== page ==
Some girls have all the luck. Here I was, snowed in with a huge, growly male, not a stitch of clothing over his muscular chest. Raw, big-boned maleness, all sloe-eyes and dark, silky hair.
Except . . . the only thing those sloe-eyes were fixed on was the crumb of cookie in my fingers. And while he might indeed be a charming, growly male, Wilson was also one hundred percent genuine German Shepherd.
But if I had to be stuck in the outback during a blizzard, at least my dog was here with me. At least I wouldn’t freeze to death in this remote cabin all alone. Sure, he suffered from a serious lack of conversational skills. But Wilson was still far better company than the boyfriend I’d left behind back at the hotel. Ex-boyfriend, I reminded myself firmly.
I squinted out the front window again. A white lump was all that remained of my VW Bug in the driveway. The bird feeder on the porch railing – visible a mere half an hour ago – was now completely engulfed in the ocean of white.
Somehow the weatherman’s blithe “six inches of snow” forecast had gone horribly, catastrophically wrong. Mother Nature evidently mistook inches for feet. Which she was cheerfully delivering in one howling, whirling tornado.
I backed away from the window as the cabin shook in a fresh burst of Icelandic fury. This vacation cabin clearly had been built for shelter from gentle April showers and wafting September breezes. Weather-stripping and insulation? Nah.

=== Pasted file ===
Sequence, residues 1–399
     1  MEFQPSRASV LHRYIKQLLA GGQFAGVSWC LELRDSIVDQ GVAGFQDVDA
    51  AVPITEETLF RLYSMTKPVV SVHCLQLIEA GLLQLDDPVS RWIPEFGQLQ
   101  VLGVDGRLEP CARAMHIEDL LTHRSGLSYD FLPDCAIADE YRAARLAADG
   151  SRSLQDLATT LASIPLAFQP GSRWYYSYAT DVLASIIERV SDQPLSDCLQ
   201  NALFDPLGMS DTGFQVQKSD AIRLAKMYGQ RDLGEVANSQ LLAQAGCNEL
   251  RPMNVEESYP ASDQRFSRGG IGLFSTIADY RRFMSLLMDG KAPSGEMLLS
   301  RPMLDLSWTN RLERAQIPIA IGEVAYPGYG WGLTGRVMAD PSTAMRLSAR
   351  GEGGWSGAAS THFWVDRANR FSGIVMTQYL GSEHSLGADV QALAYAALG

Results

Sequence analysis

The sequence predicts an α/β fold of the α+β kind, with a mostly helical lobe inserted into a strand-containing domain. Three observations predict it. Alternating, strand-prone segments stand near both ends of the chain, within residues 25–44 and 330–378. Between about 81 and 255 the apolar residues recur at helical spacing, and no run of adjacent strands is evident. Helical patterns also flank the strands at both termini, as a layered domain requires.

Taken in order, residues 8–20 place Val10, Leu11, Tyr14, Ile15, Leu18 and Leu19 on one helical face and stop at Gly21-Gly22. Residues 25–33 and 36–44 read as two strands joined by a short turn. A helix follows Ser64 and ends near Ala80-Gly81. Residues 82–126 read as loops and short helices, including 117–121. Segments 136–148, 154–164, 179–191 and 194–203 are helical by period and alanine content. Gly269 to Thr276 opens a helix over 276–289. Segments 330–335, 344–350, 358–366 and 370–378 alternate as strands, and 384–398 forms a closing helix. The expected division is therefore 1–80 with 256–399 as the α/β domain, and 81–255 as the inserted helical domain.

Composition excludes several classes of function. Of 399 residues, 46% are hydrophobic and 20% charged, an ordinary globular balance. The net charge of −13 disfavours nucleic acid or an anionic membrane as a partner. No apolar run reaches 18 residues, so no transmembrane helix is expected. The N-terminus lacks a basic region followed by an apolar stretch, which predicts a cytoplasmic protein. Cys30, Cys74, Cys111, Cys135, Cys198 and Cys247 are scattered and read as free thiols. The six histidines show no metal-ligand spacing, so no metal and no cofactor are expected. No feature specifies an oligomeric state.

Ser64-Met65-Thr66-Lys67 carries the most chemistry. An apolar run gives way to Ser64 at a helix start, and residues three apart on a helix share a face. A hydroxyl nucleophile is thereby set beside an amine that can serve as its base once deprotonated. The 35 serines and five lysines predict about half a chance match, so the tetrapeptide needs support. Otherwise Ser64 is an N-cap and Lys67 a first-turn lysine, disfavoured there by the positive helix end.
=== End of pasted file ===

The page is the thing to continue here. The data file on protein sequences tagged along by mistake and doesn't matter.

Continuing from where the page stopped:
Not that I was complaining about the current tin roof over my head, mind you. Well, I was, but beggars can’t be choosers. When I’d coasted in the drive on gas fumes, this tiny cabin had appeared amid the storm like a godsend. And sooner or later, someone would find us out here. Wouldn’t they?
I shivered. Not entirely due to the frigid indoor air.
Wilson whimpered and eyed the remaining chunk of cookie in my hand. I tossed it to him and he gulped it down mid-air, then shot me a hopeful smile.
“Sorry, dude. That’s all I have. Unless. . .” My eyes swept the shelves lining the cabin wall. Perhaps someone left some cereal or a few crackers behind? But no. The walls were as bereft of edibles as the woodstove was of logs, kindling, and matches.
Tugging the collar of my parka tighter around my neck, I kicked myself for the umpteenth time for forgetting my warm, knit ski cap when Wilson and I beat our hasty retreat this afternoon from the hotel. Where we’d just walked in on Mr. Personality giving some very personal attention to the personal chef he’d supposedly hired for . . . umm, cooking lessons.
At least I’d found out now, rather than after the wedding, I muttered, laying my forehead against Wilson’s neck. A tear seeped into his sleek fur.
Wilson growled slightly.
You’re so right, Wilson. I’m totally better off without him. He was a sweet-talking, two-timing, skirt-chasing, no-good –
I was just getting started, but all that inner steam was making me feel better already. A good dose of anger was therapeutic. My icicle-fingers had even started to tingle as if trying to come back to life again. Or maybe that was the natural progression of frostbite. I tried not to think about that.
Face still buried in Wilson’s fur, I swore I’d never, ever trust a man again who owned a shiny-new spatula. Never fall for anyone with an unopened edition of Joy of Cooking in his kitchen and unthumbed issues of Gourmet on his coffee table. The absence of grease-spatters on his AGA stovetop should have told me he was a culinary fraud. A pretender. The romantic equivalent of a con artist. And delivering pop-tarts as breakfast in bed — that should’ve been a clue, right? Not to mention when he’d mistaken Wagyu for a new breed of goldfish.